Krauss embarked on his third season at the helm, and although the side's first two outings ended in a draw away to Sevilla and victory over Atlético Madrid at Anoeta, things soon began to turn sour. On Matchday 9, La Real were held at home by Alavés and dropped down to 17th spot. It was at this point that Javier Clemente was drafted in to replace Krauss. La Real spent the whole campaign in the lower reaches of the table, but mathematically sealed survival on the penultimate matchday following a year of real suffering.
Javier Clemente began the 2000/01 season as the club's coach, but he failed to deliver good results and after a home thrashing at the hands of F.C. Barcelona and a reverse at Vallecas, La Real slumped to 18th spot and a new managerial appointment was made. Periko Alonso was named coach and took over from Clemente. However, there was no improvement in results and in December 2001, Alonso stepped down. In his place, the club recruited a familiar face in John Toshack. The team did improve but with five matchdays remaining a home defeat to Valencia left La Real in serious trouble. Nevertheless, the team rallied and picked up a win in Villarreal, a draw in Zaragoza and a victory over Málaga at Anoeta. The penultimate round of fixtures saw La Real head to San Mamés. A 3-1 win with goals from Edgaras Jankauskas, Javi De Pedro and Iñigo Idiakez sealed La Real's top-flight survival. However, the crisis that engulfed the club during this season wasn't purely limited to the on-field affairs. In December 2001, Luis Uranga stood down as the club's president and he called elections for March 2001. The following three candidates stood in the elections: José Luis Astiazarán, Ignacio Gallo and Peio Gibelalde. The elections were held on 22 March 2001 and José Luis Astiazarán was appointed president. Further suffering The team headed into the 2001/02 campaign with John Toshack at the helm. A dismal start to the league campaign, which yielded just two points from the opening eight matchdays, left La Real in a big trouble. A run of three straight wins provided some respite, but La Real would been made to suffer throughout the whole season. On Matchday 29, the team slipped to defeat at home against Tenerife and the board made the decision to bring in a new coach. John Toshack was replaced by a coaching team made up of Roberto Olabe, Jesús Mari Zamora and Julen Masach. The side produced a reaction and La Real once again mathematically secured their league status on the penultimate matchday. On this occasion, survival was sealed in a 3-1 success at Valladolid, in a game in which Mikel Aranburu, Iñigo Idiakez and Darko Kovacevic all weighed in with goals.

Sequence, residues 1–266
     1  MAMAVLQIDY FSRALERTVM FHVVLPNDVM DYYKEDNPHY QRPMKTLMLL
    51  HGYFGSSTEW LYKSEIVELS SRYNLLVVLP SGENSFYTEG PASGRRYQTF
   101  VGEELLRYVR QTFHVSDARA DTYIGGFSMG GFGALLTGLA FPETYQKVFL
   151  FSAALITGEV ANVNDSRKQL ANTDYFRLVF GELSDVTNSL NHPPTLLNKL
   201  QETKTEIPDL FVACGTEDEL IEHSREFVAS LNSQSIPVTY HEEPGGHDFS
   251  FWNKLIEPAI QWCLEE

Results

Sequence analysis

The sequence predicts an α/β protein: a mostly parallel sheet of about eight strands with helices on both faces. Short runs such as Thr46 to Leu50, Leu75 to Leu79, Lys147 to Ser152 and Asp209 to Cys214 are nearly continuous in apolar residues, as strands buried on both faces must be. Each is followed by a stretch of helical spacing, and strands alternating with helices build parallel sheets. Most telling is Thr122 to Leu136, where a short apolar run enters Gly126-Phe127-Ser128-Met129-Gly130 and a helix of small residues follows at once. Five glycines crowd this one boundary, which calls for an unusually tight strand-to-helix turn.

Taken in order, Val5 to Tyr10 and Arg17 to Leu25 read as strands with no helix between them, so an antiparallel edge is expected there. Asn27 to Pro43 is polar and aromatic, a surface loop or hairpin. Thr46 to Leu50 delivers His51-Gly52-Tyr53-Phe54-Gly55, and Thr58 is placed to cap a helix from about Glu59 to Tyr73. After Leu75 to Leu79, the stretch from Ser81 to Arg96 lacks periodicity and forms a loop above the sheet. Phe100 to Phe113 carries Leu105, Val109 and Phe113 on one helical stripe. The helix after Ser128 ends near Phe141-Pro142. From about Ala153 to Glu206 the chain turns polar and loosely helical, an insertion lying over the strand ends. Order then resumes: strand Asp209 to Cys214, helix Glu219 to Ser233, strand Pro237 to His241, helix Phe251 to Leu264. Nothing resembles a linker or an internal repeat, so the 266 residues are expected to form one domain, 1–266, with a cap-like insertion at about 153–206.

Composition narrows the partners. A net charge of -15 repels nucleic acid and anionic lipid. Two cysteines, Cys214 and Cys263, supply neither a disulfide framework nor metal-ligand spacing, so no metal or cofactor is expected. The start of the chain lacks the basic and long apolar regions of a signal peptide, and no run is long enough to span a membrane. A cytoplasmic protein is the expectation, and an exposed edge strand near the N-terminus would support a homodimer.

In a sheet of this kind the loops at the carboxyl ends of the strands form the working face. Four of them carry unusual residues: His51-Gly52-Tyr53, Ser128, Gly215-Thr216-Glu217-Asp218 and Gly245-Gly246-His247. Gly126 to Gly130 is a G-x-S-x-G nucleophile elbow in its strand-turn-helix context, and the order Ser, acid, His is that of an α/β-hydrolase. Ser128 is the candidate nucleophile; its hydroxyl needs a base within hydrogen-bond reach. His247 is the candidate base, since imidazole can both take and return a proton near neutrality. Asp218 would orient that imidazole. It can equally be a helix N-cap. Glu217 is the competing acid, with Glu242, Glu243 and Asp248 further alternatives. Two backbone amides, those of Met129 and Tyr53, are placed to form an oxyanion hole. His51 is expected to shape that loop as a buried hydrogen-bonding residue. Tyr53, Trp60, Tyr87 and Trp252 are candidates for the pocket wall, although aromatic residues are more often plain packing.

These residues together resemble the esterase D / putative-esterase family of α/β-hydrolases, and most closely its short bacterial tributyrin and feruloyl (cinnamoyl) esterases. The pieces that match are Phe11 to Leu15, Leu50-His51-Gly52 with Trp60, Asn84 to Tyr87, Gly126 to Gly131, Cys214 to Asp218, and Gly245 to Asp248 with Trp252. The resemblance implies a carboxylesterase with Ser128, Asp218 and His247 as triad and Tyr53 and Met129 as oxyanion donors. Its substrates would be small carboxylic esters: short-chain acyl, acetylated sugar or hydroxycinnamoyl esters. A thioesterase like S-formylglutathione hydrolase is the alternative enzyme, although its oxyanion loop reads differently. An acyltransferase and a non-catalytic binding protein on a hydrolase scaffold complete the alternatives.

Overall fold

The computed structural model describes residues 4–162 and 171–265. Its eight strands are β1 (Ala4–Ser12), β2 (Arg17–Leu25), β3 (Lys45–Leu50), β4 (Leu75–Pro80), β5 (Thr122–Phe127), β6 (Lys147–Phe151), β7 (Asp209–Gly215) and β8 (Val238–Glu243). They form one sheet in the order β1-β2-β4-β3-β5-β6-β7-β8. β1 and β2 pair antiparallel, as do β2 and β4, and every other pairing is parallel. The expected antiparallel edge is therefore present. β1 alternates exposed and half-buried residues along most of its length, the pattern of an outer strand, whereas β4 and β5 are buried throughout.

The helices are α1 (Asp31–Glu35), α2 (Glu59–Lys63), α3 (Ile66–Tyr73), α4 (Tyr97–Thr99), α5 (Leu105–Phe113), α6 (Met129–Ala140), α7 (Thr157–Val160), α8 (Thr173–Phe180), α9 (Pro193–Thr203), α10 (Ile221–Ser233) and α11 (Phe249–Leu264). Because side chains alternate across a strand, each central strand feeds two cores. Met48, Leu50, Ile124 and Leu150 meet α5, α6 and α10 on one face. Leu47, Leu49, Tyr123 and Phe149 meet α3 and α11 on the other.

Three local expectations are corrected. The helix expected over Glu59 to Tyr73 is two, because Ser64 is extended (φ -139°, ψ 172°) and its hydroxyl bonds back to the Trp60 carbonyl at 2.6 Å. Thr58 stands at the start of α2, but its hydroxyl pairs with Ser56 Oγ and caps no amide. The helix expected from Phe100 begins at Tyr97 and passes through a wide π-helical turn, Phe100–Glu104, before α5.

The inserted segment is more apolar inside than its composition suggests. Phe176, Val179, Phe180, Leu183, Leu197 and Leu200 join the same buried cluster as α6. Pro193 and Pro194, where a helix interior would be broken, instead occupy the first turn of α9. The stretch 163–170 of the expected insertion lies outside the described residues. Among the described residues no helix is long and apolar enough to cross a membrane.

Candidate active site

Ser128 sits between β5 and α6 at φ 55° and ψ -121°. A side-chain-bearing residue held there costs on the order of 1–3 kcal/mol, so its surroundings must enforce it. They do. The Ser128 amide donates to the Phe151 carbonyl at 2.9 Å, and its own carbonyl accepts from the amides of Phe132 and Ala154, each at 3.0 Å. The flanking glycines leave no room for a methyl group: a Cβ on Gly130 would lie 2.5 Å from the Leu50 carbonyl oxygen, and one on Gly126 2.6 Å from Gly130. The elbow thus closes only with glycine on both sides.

The 2002/03 season began with some structural changes within the club's footballing operations. Roberto Olabe, who had been in charge of the team for the final matchdays of the previous season, became the club's director of football, whilst Frenchman Raynald Denoueix was named as head coach, with Jesús Mari Zamora and Julen Masach appointed as his assistants. In terms of the squad, in addition to a return for Valeri Karpin, both Gabriel Schürrer and the Asturian-born Boris checked in at Anoeta. The season got underway with a 4-2 triumph over Athletic, a game in which the Nihat-Kovacevic strike partnership showed early signs of what a potent force they would be. Barring defeat in the Copa del Rey at the hands of Zarazoga, La Real enjoyed a stunning first half of the season, in which they went unbeaten as they held on to top spot from Matchday 6. Defeat in Bilbao in the first outing of the second half of the campaign led to a mini-crisis with a series of poor results that the team relinquish top spot on Matchday 24 after succumbing against Valladolid. On Matchday 29, Real Madrid headed to Anoeta intent on tying up the league title, but La Real had other ideas and produced a fine performance to record a 4-2 win as the Blanquiazules made it clear that they still harbored ambitions of securing the league crown. Victory over Recreativo at Anoeta sent La Real back to the summit, where they would remain until the penultimate round of fixtures, when defeat in Vigo - on a day the team were backed by an army of 9,000 Blanquiazules' fans - coupled with Real Madrid's derby victory over Atlético left the Madridistas within touching distance of the title. Los Blancos ensured there were no slip-ups in their last game of the season to make La Real's win over Atlético Madrid academic. This second-place finish saw the team return to Europe's top table as they clinched a spot in the Champions League group stage.